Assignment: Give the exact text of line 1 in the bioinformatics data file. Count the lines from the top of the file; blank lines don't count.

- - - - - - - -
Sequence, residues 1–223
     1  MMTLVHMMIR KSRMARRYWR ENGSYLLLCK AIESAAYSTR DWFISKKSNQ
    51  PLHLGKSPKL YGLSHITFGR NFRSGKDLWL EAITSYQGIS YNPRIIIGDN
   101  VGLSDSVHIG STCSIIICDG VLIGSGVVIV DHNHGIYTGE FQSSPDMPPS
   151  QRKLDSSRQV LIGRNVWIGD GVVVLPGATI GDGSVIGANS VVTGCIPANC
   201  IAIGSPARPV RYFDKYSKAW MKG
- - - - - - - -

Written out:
Sequence, residues 1–223